Los Freddy's

From Wikipedia, the free encyclopedia
  (Redirected from El Primer Tonto)
Jump to: navigation, search

Los Freddy's (or Los Freddys) were a Mexican musical group, founded in 1962 in Guadalajara, Jalisco.

The group was one of the most popular Mexican ensembles of the 1960s and 1970s.[1] Early in their careers, the group earned popularity by playing cover songs of popular English-language songs (such as Sam the Sham & the Pharaohs' "Wooly Bully" and The Beatles' "Penny Lane") that were translated into Spanish, as well as producing original romantic ballads. The band established themselves throughout Latin America as one of the top bands with a string of successful slow ballads and grupera songs. They were nominated for a Grammy Award in 1989.[2] In 1994, lead singer Arturo Cisneros left the band to pursue a solo career and now performs under his own name. The remaining band members continue together with a new lead singer. A compilation album of the group's 30 greatest hits released in 2003 produced a resurgence of the group's popularity, earning the album a spot on the Billboard charts in the United States.[3]


  • Jose Luis Tapia Coronado- Founder - Rhythm Guitar (member from 1962-current)
  • Fernando Tapia Coronado - Bass Guitar (member from 1962-current)
  • Artemio Chavez - Vocals & Lead Guitar (member from 1962-1978)
  • Valentin Terrones - Drums (member from 1962-1972)
  • Arturo Cisneros - Lead Singer (member from 1963-1994)
  • Javier Virgen - Vocals & Bass (member from 1963-1980)
  • Miguel Salazar Jasso (member from 1963-1968) uncredited background vocals & chorus. Lives in San Diego, CA.
  • Esteban "Chester" Rodriguez - Organ (member from 1968-1974)
  • Arturo "Chicho" Linares - Keyboards (member from 1978-current)
  • Raziel De Lugo - Lead Guitar (member from 1978-1995)
  • Ivan Villarreal (Lead guitar) 1995-2003
  • Pedro Iniguez - Keyboards (member from 1991-1992)
  • Carlos "Charlie" DeLeon - Percussion (member from 1986-2011)
  • Jorge Antonio - Lead Guitar (member from 1981-1986)
  • Roberto Puentes - Drums (member from 1975-1989)
  • Ricardo Rodriguez - Lead Singer (member from 1994-2003)


In 1962, five high-school friends from a small town of San Andres, a suburb of Guadalajara, State of Jalisco, Mexico, united their incipient musical skills to form a group called The Freddy Boys that would eventually become one of Mexico's most popular bands and influential in the development of Spanish music across Latin America for the next 30 years. The Freddy Boys began with José Luis Tapia Coronado (guitar), his brother Fernando Tapia Coronado (bass guitar), Ricardo (vocals), Artemio Chávez (requinto - high pitched version guitar) y Valentín Terrones (drums).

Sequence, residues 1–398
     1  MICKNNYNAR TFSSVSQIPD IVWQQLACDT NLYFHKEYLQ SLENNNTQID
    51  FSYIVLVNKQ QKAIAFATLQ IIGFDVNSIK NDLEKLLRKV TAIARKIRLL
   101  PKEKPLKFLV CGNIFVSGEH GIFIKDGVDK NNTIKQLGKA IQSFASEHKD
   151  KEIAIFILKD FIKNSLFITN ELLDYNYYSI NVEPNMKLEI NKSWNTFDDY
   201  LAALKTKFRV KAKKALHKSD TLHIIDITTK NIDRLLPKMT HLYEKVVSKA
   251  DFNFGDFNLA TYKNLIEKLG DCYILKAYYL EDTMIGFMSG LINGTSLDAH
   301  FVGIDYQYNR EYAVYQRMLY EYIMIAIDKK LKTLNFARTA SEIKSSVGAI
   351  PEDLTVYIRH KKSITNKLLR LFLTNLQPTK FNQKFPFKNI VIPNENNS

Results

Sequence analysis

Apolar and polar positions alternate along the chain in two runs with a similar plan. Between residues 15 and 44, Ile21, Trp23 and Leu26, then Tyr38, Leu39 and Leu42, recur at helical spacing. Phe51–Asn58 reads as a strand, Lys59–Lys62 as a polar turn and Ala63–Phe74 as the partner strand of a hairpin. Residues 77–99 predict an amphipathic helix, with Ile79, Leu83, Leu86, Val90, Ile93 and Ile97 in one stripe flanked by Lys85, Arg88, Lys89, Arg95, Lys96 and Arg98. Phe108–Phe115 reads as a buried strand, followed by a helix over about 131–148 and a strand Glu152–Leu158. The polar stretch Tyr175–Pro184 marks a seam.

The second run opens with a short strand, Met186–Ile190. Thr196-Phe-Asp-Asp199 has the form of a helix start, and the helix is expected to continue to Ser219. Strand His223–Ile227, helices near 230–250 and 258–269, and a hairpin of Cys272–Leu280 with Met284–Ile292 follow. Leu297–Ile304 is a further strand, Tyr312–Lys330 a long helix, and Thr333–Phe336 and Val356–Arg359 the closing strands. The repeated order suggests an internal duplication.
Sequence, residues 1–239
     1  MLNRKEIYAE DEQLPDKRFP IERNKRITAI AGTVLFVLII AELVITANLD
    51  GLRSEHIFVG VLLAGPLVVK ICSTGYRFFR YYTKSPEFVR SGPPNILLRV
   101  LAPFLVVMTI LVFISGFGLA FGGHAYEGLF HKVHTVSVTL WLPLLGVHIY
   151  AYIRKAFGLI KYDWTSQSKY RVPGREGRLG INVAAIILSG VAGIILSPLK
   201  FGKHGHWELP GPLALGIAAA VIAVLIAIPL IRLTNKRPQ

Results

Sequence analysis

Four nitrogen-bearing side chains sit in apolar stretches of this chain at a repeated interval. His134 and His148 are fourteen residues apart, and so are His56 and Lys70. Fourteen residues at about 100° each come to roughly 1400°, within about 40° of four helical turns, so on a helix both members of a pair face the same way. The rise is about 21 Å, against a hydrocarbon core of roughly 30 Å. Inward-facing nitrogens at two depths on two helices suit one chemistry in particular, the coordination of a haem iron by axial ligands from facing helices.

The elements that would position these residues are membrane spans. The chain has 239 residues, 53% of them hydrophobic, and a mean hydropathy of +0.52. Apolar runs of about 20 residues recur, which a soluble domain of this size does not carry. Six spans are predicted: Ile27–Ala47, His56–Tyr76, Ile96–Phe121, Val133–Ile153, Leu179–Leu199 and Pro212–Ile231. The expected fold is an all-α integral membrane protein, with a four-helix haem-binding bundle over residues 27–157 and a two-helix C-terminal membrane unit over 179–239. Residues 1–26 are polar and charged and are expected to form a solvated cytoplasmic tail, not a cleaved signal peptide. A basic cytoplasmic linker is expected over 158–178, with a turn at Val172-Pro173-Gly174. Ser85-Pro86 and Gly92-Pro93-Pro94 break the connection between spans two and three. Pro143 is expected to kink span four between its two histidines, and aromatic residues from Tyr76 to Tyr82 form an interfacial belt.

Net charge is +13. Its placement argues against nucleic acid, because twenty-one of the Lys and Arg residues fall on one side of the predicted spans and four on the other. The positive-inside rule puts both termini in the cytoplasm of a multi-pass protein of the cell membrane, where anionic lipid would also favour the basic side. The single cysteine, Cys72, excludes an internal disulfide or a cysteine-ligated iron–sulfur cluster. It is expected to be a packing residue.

In 1963, the band relocated to Tijuana, Baja California, Mexico. They played in bars (La Jacaranda), dance halls (Esmirna, Atenas Versailles, Flamingo). They recorded "Diciendote Te Quiero" on a 45 record with "Sueno Feliz" on the B-Side. "Diciendote Te Quiero" was the groups first hit. Followed by "Ven Dame Tu Fe" and "Mato Mi Corozon."

The band then began touring throughout Mexico (Mexicali, Ensenada, Agua Prieta, Culiacan, Nogales, among many others).

The group recorded various albums in 45's, extended play and long play versions.

Turmoil in the End[edit]

In an interview with morning radio host Pepe Reyes (La Preciosa Network, Clear Channel Radio), lead singer Arturo Cisneros announced he officially left the band on August 29, 1994.[4] Cisneros stated that he began recording for an undisclosed record label as a solo artist in the following months and by January 1995 had completed 5 solo albums. In 1997, Cisneros formed his own version of los Freddy's (Arturo Cisneros Y sus Freddy's) with three former members of the original Freddy's: Octavio Aguilar, Raziel de Lugo & Ruperto Lopez.


All albums released on Peerless Records are marked with an identification number beginning with "LPPU_...".
Record pressings released in the U.S.A. are marked with an identification numbers beginning with "ECO-...".



  • 1975: Epoca de Oro, Vol. 1 (LPPU-10014)
  • 1978: 10 Exitos (1968-1972)
  • 1983?: 10 Exitos Con Banda
  • 1987: 15 de Ellos
  • 1988: 15 Exitos
  • 1993?: Pero Como Duele
  • 1995: 15 Grandes Favoritas
  • 1996?: Por Siempre
  • 2003: 30 Inolvidables U.S. Regional Mexican #14, U.S. Latin #21[3]


  • Wooly Bully (1965)
  • Muchachos (1965)
  • Diciendote Te Quiero (1965)
  • Sufrirás Sin Mí (1966)
  • La Flaca (1967)
  • Penny Lane (1967)
  • Máto Mi Corazon (1968)
  • Vuelvé Mi Amor (1968)
  • Toda Una Vida (1969)
  • Mis Noches Sin Ti (1969)
  • Aunque Me Hagas Llorar (1970)
  • Sin Tu Amor (1970) (cover of 'The Way It Used To Be' by Engelbert Humperdink)
  • Asi es La Vida (1970)
  • No Te Olvidare (1970)
  • Lágrimas Son (1971)
  • Vén (1971)
  • Cón Tu Adios (1972)
  • Tus Manos (1972)
  • Déjenme Llorar (1973) - Number-one hit in Mexico for two weeks.
  • Es Mejor Decir Adiós (1973)
  • El Cariño Que Perdí (1974)
  • El Primer Tonto (1980)
  • El Tren (1981)
  • Y Me Enamore (1982)
  • La Numero Cien (1982)
  • Ven a Bailar (1984)
  • Embrujado (1984)
  • No Quiero Que Me Engañes (1986)
  • No Me Da Pena Llorar (1988)
  • Me Dieron Ganas de Llorar (1989)
  • Pero Acuerdate de Mi (1991)
  • Tu Condena (1991)
  • Esa Muchacha (1992)
  • Me Esta Doliendo(1992)
  • Gracias Pueblo Mio (1994)
  • Porque Me Engañaste (1994)


  1. ^ Ramiro Burr, The Billboard Guide to Tejano and Regional Mexican Music. Billboard Books, 1999.
  2. ^ It's Tracy's Turn. Washington Post, February 19, 1989. (subscription required)
  3. ^ a b c d Billboard, Allmusic
  4. ^ Pepe Reyes interview, YouTube.com, Spanish

External links[edit]